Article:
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This application outlines Control of Blood Pressure - Afterload


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Afterload is the pressure against which the heart must work to eject blood during systole (systolic pressure). The lower the afterload, the more blood the heart will eject with each contraction.

Like contractility, changes in afterload will raise or lower the Starling curve relating stroke volume index to LAP.

The effect of afterload on stroke colume is due to the fact that the maximum pressure that the heart can develop is smaller at lower ventricular volumes.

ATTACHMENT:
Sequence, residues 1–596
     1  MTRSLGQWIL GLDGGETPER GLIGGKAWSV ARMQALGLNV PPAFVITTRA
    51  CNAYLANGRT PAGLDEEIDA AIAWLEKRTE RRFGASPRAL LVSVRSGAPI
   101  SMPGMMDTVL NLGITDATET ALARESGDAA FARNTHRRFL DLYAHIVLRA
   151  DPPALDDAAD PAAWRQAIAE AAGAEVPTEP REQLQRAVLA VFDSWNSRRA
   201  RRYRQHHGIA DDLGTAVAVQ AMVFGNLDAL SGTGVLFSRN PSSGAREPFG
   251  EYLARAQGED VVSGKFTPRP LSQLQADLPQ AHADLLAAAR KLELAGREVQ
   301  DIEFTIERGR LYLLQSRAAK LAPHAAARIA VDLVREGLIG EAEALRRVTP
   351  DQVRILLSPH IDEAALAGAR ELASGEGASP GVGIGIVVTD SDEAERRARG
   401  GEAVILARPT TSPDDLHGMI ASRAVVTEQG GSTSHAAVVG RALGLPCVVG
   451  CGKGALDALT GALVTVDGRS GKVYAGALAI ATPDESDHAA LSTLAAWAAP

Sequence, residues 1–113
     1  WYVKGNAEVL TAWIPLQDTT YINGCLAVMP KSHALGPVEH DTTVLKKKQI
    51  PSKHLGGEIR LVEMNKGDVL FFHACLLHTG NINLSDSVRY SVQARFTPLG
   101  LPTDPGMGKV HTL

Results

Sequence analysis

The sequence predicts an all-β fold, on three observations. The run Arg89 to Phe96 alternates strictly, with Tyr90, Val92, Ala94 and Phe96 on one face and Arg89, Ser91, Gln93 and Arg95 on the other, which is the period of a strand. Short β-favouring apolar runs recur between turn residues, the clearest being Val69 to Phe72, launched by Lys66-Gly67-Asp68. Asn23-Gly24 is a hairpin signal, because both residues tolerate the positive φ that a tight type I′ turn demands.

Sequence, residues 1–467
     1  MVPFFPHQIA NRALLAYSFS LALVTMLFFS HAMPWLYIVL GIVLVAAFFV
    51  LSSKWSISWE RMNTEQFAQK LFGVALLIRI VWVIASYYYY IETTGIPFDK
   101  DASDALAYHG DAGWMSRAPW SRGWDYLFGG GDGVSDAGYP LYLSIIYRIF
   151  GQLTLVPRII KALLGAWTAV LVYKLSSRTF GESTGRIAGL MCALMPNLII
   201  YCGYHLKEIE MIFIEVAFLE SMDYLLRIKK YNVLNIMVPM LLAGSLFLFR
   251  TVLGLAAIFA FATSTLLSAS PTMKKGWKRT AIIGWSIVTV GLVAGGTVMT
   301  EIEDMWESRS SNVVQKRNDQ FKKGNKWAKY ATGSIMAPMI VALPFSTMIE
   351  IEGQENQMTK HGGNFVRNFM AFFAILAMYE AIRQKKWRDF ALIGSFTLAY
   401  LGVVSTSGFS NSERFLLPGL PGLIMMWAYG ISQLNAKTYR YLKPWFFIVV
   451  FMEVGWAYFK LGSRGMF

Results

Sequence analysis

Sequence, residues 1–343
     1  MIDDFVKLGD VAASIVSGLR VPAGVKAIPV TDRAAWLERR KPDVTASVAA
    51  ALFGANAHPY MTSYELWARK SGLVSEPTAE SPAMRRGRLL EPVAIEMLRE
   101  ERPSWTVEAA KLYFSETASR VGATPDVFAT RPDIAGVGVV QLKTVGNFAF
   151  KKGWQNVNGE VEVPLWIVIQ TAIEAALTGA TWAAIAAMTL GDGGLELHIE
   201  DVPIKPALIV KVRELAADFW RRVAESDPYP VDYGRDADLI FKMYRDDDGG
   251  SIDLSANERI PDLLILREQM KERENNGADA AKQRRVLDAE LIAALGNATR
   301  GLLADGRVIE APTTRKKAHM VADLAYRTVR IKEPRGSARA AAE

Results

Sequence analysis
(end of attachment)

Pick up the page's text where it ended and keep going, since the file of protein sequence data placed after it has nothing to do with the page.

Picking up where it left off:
Therefore, if the systolic pressure is lower, the heart will be able to contract to a smaller volume at the end of systole. This will result in an improved stroke volume.

Conversely, if the systolic pressure is higher, the heart will be unable to contract to as small a vollume at the end of systole and the stroke volume index will be decreased.

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